The background story had a happy ending in which the villain gave up and the heroine prevailed without bloodshed. Therefore, the State was not advocating for any injured party—it was litigating based on Commonwealth law, unsympathetic to the consequences to the innocent.
The actual danger to others (such as to the abuser) was negligible. Stun guns are not lethal weapons. In a concurring opinion, Justices Alito and Thomas scoffed that the Commonwealth’s court “. . . suggested that Caetano could have simply gotten a firearm to defend herself.” (Not a quick and easy task in Massachusetts.)
The Commonwealth court’s reasoning of diverged from Heller several points. But I suspect that the optics of the case also influenced SCOTUS.
Their Caetano decision suggests a strategy for pursuing Second Amendment cases that might appeal to the Supreme Court. The contested law should be offensive to as many points of reasoning as can be found in precedential cases, because the Supremes do not like lower courts defying their previous rulings. They don’t like absolute bans against exercising fundamental rights, either. Cases involving less lethal weapons are preferable to those that involve guns. Gun rights advocates should be pursuing the right to keep and bear “arms” of all types suitable for any legitimate purpose (including self-defense, hunting, recreation and militia activities). Upholding the right to one arm becomes precedent that will support other arms later. Most important, cases should be in sync with significant public sentiment.
All in all, the Supremes want to render decisions that:
- are congruent with their personal sympathies
- support the legislative branches (federal and state)
- support the executive branches (federal and state)
- are consistent with precedent
- move constitutional interpretation in a desirable direction
- will be applauded by the People generally, and,
- provide the smallest possible relief sufficient to dispose of the case at hand
All these objectives can rarely be satisfied at once. In most Second Amendment jurisprudence, plaintiffs are challenging some legislation. To overcome deference to the “representative” branches the Justices need every incentive possible to urge them to support a constitutional right “of the People”. Previous cases ought to have established some progress toward the right argued for, which should be interpretable as constitutionally fundamental. The arguments for the desired outcome need to fit that framework. Finally, the justices need to be able to see the preferred decision as aligning with the Peoples’ desire for justice. If all these considerations tip strongly in favor of the desired outcome then the Justices may be inclined to discount both their personal sympathies and deference to the political branches.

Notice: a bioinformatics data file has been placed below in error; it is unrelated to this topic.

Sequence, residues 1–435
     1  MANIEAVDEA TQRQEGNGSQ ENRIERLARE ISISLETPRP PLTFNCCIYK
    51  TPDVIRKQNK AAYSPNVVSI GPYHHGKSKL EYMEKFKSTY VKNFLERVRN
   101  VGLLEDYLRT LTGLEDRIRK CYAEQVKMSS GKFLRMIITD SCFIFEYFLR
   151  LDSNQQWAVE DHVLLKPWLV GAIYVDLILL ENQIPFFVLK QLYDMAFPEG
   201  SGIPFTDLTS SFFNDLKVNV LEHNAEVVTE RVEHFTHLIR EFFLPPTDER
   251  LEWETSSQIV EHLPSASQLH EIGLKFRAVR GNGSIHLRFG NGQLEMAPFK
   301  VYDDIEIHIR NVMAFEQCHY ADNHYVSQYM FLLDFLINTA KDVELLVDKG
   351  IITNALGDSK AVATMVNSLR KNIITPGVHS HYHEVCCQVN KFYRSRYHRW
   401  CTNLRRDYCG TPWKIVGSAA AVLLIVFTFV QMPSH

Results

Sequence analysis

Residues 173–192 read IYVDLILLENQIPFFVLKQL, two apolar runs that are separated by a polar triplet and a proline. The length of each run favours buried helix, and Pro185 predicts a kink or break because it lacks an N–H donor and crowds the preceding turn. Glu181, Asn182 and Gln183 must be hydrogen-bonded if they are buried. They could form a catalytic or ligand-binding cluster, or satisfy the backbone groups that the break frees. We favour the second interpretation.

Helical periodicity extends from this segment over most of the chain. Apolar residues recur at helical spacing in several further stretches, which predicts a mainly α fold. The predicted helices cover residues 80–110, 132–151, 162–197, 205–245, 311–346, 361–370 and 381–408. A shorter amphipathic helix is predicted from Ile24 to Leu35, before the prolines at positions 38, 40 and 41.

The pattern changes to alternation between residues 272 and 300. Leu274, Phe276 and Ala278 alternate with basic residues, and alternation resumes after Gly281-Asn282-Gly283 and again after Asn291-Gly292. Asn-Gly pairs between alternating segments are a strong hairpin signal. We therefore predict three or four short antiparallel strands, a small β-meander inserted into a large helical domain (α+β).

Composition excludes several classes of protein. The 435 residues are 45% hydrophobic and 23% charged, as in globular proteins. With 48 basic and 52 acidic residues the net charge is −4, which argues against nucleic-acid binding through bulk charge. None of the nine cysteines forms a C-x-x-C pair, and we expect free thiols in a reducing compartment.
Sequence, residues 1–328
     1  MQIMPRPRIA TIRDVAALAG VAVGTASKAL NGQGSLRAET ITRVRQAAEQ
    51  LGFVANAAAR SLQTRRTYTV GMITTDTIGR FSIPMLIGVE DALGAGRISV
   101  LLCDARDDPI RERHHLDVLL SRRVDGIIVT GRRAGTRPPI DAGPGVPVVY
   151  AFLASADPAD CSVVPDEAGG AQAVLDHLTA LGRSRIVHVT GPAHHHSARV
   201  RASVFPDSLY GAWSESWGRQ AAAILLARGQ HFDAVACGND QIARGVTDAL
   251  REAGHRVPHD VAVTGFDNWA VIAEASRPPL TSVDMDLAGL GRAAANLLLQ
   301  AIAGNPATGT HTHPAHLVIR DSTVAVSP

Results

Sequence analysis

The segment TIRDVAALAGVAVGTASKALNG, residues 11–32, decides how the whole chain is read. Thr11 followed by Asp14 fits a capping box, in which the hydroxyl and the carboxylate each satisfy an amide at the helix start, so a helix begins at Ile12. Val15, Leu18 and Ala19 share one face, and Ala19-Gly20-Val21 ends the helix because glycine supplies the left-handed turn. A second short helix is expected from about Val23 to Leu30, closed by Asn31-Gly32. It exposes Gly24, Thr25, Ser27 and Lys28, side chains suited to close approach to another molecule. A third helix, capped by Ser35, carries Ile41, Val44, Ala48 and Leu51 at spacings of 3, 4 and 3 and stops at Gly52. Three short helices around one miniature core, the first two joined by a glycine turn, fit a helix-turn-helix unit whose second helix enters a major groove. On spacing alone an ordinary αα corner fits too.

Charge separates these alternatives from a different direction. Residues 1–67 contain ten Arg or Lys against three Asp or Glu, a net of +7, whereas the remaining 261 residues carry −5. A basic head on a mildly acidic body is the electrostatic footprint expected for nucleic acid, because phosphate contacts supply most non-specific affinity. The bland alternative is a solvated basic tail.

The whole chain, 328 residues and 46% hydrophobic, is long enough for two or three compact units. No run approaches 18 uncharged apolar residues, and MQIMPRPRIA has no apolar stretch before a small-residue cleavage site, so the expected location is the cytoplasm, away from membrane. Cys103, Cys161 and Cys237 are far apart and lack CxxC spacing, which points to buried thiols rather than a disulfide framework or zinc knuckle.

The liberals on the Supreme Court knew that the Caetano decision would bolster gun-rights, which must be contrary to their personal sympathies. Personally, they would have preferred to retard the expansion of gun rights. As strong believers in the progressive power of government, they would also have preferred to defer to the wisdom of the Massachusetts legislature.
I suspect that the liberal Justices likely voted against taking Caetano, but were cornered upon seeing that Kennedy would side with Ms. Caetano. They could not allow themselves to be seen on the side of government against both clear SCOTUS precedent and the general sentiment of the People.
Constitutional jurisprudence is not usually an all or nothing contest. To advance Second Amendment jurisprudence, gun rights advocates must bring cases that the Supreme Court will take. These cases must be ones that the advocates can win considering the obstacles and opportunities highlighted above. This thinking counsels for incrementalism on the finest and clearest possible points.
—’MarkPA’ is trained in economics, a life-long gun owner, NRA Instructor and Massad Ayoob graduate. He is inspired by our inalienable rights to “life, liberty and the pursuit of happiness” and holds that having the means to defend oneself and one’s community is vital to securing them.